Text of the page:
Local leaders hope to keep peace in Indy following Ferguson grand jury decision

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INDIANAPOLIS, Ind. (Nov. 24, 2014) - The game plan for IMPD officers and community activists Monday was to keep the peace. Community leaders were out Monday night to make sure Indy kept calm.

"We can mobilize a larger army if we need to, but I think Indianapolis is really prepared to handle any kind of protest that may occur,” said Rev. Charles Harrison.

Harrison is the president of Indy's Peace Keeping Ten Point Coalition.  He had faith Monday that his city would not fall into a Ferguson-like firestorm.

"Because we have a strong community-police relationship in this city that goes back decades,” he said.

Harrison said the backbone of a peaceful protest is community trust in its police force.  He said in Indianapolis, that is a bond that was years in the making and unfortunately, not a bond not seen on the streets of Ferguson.

"We hope to mobilize a lot of pastors and our volunteers if there are protests. If it's one protest or multiple protests, we will be prepared to be at that event to make sure it's peaceful,” he said.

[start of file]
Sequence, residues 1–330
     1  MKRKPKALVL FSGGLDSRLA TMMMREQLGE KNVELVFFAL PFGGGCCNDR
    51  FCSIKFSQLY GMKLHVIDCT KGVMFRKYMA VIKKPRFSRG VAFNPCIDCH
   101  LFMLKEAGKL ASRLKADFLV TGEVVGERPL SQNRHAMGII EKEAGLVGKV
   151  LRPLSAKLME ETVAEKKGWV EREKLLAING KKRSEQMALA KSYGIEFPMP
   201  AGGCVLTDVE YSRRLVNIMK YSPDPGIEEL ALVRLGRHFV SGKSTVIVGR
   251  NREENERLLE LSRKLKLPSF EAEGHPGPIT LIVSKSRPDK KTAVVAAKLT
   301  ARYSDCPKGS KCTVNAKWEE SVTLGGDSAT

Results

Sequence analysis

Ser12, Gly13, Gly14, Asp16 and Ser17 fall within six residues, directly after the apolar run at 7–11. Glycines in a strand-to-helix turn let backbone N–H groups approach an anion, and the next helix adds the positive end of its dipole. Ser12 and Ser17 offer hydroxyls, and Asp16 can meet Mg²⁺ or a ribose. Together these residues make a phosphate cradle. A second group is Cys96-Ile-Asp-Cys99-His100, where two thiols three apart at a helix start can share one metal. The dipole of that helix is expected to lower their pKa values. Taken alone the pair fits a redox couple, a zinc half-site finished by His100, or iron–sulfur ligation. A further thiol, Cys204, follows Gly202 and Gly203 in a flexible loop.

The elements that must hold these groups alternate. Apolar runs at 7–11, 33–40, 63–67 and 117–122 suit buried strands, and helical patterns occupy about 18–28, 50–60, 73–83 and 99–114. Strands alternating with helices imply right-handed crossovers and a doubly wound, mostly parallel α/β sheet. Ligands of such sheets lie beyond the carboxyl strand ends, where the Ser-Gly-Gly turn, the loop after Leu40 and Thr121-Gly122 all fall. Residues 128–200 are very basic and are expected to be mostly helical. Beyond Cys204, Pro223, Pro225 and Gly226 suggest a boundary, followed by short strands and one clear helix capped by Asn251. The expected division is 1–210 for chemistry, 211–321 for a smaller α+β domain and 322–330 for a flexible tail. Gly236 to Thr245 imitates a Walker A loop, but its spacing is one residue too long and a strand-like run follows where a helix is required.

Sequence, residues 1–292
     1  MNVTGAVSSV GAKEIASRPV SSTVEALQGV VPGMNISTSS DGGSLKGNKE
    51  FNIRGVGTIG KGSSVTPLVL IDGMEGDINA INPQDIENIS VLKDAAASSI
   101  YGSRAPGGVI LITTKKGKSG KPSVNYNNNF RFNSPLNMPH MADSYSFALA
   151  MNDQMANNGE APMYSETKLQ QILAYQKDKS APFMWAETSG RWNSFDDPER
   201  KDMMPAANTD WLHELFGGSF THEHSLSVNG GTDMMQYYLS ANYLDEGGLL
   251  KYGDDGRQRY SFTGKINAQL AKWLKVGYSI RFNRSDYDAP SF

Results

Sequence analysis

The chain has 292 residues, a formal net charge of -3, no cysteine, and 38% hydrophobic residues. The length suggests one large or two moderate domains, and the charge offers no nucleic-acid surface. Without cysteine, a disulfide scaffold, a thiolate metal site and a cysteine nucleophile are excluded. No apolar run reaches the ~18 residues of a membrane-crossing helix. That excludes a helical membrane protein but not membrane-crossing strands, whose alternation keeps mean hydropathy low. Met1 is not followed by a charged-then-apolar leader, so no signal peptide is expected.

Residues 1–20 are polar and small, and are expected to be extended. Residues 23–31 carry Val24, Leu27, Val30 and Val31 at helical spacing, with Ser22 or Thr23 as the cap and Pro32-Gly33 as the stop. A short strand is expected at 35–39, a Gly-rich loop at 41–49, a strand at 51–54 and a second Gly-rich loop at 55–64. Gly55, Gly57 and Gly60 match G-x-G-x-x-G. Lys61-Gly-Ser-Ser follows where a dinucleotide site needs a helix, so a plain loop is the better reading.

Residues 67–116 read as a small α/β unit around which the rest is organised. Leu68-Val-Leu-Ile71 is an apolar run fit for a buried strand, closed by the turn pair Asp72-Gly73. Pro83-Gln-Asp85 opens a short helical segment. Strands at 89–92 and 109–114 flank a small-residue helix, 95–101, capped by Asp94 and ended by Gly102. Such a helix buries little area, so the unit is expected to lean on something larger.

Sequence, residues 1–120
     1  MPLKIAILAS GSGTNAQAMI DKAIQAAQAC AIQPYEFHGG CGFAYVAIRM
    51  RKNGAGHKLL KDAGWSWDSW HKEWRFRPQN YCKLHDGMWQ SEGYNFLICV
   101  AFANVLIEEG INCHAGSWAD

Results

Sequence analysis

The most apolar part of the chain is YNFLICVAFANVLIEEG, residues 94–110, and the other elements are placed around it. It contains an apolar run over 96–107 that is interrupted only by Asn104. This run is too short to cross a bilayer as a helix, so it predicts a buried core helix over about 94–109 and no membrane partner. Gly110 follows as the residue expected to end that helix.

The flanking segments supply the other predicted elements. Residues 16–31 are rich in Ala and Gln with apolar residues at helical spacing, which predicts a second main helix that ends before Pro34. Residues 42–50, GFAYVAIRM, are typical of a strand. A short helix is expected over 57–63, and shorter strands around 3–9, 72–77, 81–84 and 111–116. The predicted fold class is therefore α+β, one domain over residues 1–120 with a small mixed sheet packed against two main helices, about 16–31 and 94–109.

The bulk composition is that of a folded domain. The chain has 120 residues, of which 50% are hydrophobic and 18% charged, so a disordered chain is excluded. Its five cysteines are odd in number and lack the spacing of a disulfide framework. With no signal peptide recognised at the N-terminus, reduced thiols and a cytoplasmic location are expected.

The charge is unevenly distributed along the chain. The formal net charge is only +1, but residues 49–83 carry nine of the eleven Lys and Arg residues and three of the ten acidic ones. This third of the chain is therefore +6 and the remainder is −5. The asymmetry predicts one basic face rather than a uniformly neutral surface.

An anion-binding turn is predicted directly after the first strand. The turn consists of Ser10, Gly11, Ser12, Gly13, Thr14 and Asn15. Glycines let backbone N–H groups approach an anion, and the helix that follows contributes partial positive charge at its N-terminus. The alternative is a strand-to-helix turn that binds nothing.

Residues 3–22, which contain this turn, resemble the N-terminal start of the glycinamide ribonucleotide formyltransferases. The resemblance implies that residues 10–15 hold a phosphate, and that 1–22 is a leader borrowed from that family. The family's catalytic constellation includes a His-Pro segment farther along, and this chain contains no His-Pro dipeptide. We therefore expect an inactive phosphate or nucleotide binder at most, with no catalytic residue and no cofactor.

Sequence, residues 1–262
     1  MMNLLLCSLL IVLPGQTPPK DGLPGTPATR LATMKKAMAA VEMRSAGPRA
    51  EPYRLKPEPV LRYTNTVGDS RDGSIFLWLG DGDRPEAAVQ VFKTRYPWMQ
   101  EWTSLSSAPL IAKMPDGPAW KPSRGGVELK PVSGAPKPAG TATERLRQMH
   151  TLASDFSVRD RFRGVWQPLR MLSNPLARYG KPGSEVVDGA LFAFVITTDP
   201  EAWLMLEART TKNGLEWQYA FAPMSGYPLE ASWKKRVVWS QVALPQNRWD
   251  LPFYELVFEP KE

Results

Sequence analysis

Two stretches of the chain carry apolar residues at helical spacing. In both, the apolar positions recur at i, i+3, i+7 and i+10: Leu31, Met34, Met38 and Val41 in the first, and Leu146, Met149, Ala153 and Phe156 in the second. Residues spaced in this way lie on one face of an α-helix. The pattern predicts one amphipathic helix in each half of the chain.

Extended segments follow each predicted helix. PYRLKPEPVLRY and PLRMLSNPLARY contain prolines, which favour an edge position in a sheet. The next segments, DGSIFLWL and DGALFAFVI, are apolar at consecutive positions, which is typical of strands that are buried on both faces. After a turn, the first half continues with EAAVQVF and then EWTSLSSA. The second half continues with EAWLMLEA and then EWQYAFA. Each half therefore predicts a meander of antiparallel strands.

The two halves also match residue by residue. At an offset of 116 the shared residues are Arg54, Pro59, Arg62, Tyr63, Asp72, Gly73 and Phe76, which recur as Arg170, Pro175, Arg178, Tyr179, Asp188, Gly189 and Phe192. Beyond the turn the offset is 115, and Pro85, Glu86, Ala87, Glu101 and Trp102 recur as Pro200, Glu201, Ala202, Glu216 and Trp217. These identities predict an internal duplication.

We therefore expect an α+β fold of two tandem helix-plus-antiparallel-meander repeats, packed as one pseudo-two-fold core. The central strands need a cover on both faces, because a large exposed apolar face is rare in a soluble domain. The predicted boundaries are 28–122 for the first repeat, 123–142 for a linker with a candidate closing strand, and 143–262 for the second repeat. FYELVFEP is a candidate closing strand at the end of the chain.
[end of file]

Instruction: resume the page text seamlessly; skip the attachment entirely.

Since 1999, The Indy Ten Point Coalition, a group of volunteers headed by local pastors, has worked with IMPD to keep the peace at protests, homicide scenes, and other demonstrations.  In August, the coalition was invited to Ferguson to help leaders there keep the calm.

"Emotions are going to be high and I believe those are going to be high whether there's an indictment or there's not an indictment,” said Reverend Horatio Luster.

Luster has worked with Ten Point for years.  He said he walks Indianapolis streets and knows his neighborhood well.  He had a message Monday for those not satisfied with the grand jury's decision, "It's OK to protest. You have a right to do that. But violence, burning, burning period, looting, especially in your own communities, it serves no purpose,” he said.

As of Monday night, IMPD officials did not anticipate any serious incidents from protesters.

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